The 20th-century hasn’t been kind to you; I get that. You said that you only wanted to help people who hated you–who wanted nothing to do with you if you identified with your history. I did (and still do!) admire your motives. But you were foolish to think you could ever actually deny your roots, even if we pretend that it would be right to do so.

The new plan—a sort of evangelical bait and switch—was dangerous, as shown by the results. You worked so hard to write sermons into your songs that you forgot they were songs. The ‘bait and switch’ had no ‘bait’. Pardon the pun, but for the last century or so, you’ve been singing to the choir, embarrassing a good number of them with your bad pitch and worse instrumentation.

Instead of playing a strong part in secular music, you became a shadow of it and called yourself ‘Christian’ music. Simultaneously, you burned the bridges behind by claiming emancipation from the history you would need to find an identity apart from this shadow.

Christian lyrics—sure, you have those. Didactic ones, usually. But Christian music? Beautiful music is Christian music, and you’ve stopped making that for a regrettably long period of time.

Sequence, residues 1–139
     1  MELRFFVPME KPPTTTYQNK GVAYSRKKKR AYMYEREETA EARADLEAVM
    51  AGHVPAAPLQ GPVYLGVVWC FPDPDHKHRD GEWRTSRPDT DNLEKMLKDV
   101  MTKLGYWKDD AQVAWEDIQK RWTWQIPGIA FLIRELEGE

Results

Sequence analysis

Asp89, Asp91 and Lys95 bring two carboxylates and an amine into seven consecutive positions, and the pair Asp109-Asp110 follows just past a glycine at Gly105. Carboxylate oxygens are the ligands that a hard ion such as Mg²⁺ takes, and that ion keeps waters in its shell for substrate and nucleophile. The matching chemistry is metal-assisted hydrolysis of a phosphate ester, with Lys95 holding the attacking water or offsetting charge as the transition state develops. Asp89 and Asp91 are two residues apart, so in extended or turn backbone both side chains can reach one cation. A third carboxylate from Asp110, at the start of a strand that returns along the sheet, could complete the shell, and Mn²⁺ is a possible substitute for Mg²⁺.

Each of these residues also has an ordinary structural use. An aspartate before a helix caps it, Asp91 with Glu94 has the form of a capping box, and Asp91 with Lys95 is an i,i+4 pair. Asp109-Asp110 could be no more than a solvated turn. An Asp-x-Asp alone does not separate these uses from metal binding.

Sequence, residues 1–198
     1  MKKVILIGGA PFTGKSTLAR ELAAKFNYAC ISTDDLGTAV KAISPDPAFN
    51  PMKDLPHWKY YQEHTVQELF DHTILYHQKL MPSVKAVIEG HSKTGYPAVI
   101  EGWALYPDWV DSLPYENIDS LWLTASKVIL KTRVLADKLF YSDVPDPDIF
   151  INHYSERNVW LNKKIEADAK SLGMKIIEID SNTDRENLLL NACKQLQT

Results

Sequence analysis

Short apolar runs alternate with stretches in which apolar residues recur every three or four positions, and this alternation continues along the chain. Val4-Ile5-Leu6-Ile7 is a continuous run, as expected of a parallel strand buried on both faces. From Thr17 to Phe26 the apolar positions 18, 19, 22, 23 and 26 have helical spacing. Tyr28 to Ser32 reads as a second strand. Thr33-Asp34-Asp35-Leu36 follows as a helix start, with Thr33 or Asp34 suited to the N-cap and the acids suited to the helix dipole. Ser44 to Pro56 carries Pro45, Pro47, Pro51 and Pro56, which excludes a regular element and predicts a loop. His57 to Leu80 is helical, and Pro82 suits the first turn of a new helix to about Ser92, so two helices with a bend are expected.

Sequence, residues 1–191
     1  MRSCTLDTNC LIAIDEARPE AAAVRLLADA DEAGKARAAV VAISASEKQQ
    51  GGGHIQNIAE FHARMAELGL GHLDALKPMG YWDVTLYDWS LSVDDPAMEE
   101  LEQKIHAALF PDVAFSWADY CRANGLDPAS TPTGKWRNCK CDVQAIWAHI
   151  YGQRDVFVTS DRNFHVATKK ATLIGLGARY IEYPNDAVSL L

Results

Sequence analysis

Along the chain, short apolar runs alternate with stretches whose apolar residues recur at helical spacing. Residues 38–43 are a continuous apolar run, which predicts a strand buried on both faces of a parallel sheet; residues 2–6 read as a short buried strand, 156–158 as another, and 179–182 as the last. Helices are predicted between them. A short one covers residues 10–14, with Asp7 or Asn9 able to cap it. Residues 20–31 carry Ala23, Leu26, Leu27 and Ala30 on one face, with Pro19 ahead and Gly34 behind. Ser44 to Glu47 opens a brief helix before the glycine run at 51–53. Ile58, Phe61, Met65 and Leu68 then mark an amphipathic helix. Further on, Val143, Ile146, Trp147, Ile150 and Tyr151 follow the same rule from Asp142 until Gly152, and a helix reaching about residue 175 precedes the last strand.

But I hear good things recently, even amid the awful things. I hear that you’ve sent some talent into the world, despite the radio stations that refuse to play anything but a two-dimensional status quo. [As always, they continue to expect different results from playing the same song over and over again simply because they give it a hundred different titles.]

I hope the good things thrive and expand. Once you’re well, we’ll hear some beautiful music played to the Lord. Until then, though, get some rest, read the latest Rolling Stone magazine and take an online music theory class. No one ever said beauty was easy, only that it was simple. But, as the Fire Theft reminds us in their sublime piece titled “Heaven”, “it’s the simple things that are so hard to grasp.

All the Best,

Published by

Robin Dembroff